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no taxes, contribute something to the support of the Government. [Applause on the Democratic side.]
MR. LONGWORTH.—Oh, the gentleman advocates a class system of taxation.
MR. CLAYTON.-It is not a class system. Does not the gentleman admit that every corporation whose net income does not exceed $5,000 is exempt?
MR. LONGWORTH.-Most assuredly.
MR. CLAYTON.—Is not that the same principle that would exempt the individual in an income tax? What is the difference in principle! I should like to have the gentleman elucidate it.
MR. LONGWORTH.—The difference between investigating the personal affairs of an individual and the affairs of a corporation, which I think should be made public.
SWAGAR SHERLEY (Ky.).-If the gentleman is warranted in saying that the corporation tax is superior to an income tax, how is the gentleman warranted in not taxing bondholders in place of stockholders?
MR. LONGWORTH.-It was seriously considered in drafting this measure, as I understand it, whether constitutionally the bonds could be gotten at, but it was deemed that it would make the measure unconstitutional, and for that reason it was not
Mr. Speaker, that this measure discriminates between corporations and individuals is, to my mind, not a fault, but a virtue. I have heard over and over again this argument: Suppose A is a corporation engaged in doing business upon one corner of a street. B is a partnership doing a business precisely the same, both as to character and volume, on the other corner of the street. Is it fair that establishment A should pay a tax to the Government upon its net earnings, and that establishment B should go free? My answer is, “Yes." By virtue of having incorporated his business, A has certain advantages which B, managing his affairs as a partnership, has not. Among other things, his liabilities are limited, and he has the right of perpetual succession. He has paid something for the privilege of becoming a corporation and of enjoying these advantages, and hence has shown that he deems them to be of value. The members of the partnership have not asked from the Government any privileges that they are not entitled to as individuals, and it seems to me that they have the right to consider that their profits are their own private affair.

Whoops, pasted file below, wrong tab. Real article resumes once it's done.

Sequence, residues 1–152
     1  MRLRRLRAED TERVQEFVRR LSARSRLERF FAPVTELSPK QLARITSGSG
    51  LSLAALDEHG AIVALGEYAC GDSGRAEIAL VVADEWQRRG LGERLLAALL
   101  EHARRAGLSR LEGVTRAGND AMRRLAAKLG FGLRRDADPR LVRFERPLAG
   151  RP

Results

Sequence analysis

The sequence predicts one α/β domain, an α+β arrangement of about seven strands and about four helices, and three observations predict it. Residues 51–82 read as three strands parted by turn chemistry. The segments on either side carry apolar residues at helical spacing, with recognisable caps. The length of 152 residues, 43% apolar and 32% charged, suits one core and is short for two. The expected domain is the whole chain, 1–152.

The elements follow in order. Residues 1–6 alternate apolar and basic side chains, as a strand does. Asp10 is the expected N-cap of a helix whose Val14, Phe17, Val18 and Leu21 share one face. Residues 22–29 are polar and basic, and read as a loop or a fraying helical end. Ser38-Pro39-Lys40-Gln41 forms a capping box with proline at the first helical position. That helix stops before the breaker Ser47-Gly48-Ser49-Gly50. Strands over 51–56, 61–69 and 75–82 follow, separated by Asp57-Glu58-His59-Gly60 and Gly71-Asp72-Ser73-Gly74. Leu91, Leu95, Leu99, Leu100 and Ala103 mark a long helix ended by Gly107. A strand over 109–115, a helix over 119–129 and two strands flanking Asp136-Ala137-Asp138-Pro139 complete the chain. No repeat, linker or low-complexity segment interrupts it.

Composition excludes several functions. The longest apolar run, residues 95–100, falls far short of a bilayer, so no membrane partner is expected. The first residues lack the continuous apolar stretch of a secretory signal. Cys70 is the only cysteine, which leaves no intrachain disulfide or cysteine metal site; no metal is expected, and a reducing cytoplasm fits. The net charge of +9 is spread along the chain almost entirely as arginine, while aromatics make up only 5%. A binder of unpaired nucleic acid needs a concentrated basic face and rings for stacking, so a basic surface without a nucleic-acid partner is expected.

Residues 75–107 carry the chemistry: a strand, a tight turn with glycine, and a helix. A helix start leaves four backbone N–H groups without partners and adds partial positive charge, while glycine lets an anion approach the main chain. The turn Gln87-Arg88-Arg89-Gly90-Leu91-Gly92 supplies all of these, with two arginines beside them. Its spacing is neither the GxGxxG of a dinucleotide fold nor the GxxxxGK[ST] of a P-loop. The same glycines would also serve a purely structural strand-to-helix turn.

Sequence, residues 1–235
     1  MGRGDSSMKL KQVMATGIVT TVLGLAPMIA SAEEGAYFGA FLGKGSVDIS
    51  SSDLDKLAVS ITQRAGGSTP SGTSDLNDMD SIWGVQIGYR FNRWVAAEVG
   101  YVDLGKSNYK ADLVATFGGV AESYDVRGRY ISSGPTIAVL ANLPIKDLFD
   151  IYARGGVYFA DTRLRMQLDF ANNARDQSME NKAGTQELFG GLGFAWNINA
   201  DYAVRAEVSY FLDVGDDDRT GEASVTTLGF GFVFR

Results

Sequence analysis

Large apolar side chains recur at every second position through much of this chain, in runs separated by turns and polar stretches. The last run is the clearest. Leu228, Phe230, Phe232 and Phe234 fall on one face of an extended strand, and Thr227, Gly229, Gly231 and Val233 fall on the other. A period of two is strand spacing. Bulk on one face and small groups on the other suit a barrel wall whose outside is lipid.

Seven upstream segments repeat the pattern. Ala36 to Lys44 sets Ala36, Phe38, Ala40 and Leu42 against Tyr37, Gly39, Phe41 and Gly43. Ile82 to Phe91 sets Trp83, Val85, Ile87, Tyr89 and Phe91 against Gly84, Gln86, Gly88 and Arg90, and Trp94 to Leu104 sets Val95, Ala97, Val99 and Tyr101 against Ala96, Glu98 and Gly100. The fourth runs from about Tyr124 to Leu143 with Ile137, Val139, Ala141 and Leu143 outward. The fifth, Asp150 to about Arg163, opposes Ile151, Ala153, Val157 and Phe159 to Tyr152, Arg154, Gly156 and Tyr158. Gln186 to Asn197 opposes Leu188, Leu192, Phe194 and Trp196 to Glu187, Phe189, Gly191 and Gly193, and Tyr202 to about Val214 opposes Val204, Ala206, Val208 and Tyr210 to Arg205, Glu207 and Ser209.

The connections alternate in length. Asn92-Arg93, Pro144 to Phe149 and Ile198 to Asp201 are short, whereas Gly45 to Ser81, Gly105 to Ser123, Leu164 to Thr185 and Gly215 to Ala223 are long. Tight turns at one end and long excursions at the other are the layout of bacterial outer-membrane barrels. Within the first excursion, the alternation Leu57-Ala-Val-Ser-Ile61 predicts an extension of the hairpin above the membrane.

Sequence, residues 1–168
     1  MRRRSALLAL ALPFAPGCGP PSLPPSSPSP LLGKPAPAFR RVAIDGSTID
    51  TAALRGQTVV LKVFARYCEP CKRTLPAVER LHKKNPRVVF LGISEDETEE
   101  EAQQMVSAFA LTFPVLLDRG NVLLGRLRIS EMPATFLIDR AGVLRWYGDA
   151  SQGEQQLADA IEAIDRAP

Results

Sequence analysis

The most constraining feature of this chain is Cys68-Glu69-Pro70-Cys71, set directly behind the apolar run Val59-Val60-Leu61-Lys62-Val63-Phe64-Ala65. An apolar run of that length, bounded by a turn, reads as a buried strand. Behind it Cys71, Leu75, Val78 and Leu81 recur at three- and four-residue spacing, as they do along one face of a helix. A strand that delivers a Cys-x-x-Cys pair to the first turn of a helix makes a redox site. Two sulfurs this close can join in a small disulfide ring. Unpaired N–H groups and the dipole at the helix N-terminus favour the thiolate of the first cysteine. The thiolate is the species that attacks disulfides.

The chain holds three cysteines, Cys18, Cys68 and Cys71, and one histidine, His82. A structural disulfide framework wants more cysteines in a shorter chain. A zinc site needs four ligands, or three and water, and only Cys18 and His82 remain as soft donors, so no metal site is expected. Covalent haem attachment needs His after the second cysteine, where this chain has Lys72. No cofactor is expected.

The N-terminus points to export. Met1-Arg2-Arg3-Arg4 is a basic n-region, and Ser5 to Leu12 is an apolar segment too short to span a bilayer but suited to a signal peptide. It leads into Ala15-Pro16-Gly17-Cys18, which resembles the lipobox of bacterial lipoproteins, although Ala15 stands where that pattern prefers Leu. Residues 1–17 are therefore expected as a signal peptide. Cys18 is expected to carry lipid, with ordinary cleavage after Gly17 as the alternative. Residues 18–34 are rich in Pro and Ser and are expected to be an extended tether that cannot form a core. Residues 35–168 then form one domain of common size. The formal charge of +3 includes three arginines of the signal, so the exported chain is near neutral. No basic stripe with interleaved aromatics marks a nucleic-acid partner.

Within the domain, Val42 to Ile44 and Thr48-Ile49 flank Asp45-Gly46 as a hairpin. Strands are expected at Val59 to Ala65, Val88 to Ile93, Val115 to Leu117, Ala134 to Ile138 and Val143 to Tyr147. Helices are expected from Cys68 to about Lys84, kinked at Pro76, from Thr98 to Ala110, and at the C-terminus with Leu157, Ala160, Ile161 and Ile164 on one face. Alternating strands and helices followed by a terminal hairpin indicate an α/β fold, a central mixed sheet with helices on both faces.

As to the constitutionality of this tax I shall have but little to say, because I take it to be beyond argument. If anyone holds any doubt upon this question, I would recommend the reading of the speech recently made in the Senate by the junior Senator from New York [Mr. Root], in which he goes thoroughly into the question of the constitutionality of this legislation. His speech is a masterpiece of clearness and force, and leaves practically nothing to be said upon the subject.
But there is a feature of this measure which, to my mind, is of special importance, and that is the feature of publicity. This measure compels the corporations to state in general terms what their gross earnings have been, what has been charged off to repairs, renewals, maintenance, and overhead charges, and what remains which can reasonably be considered their net profit from the business every year. To my mind, it will be of immense advantage to the stockholders of corporations throughout the country. I venture to say that the vast majority of all the stockholders have no real idea of what their legitimate profits have actually been.
I have heard again and again urged against this measure the old argument that it will cut into the savings of the widows and orphans. This is the argument we always hear when any legislation is contemplated which affects a corporation. I believe this measure is for the direct benefit of the widows and orphans and all stockholders, to whose interest it is that the affairs of the corporations of which they are part owners shall be wisely and intelligently administered.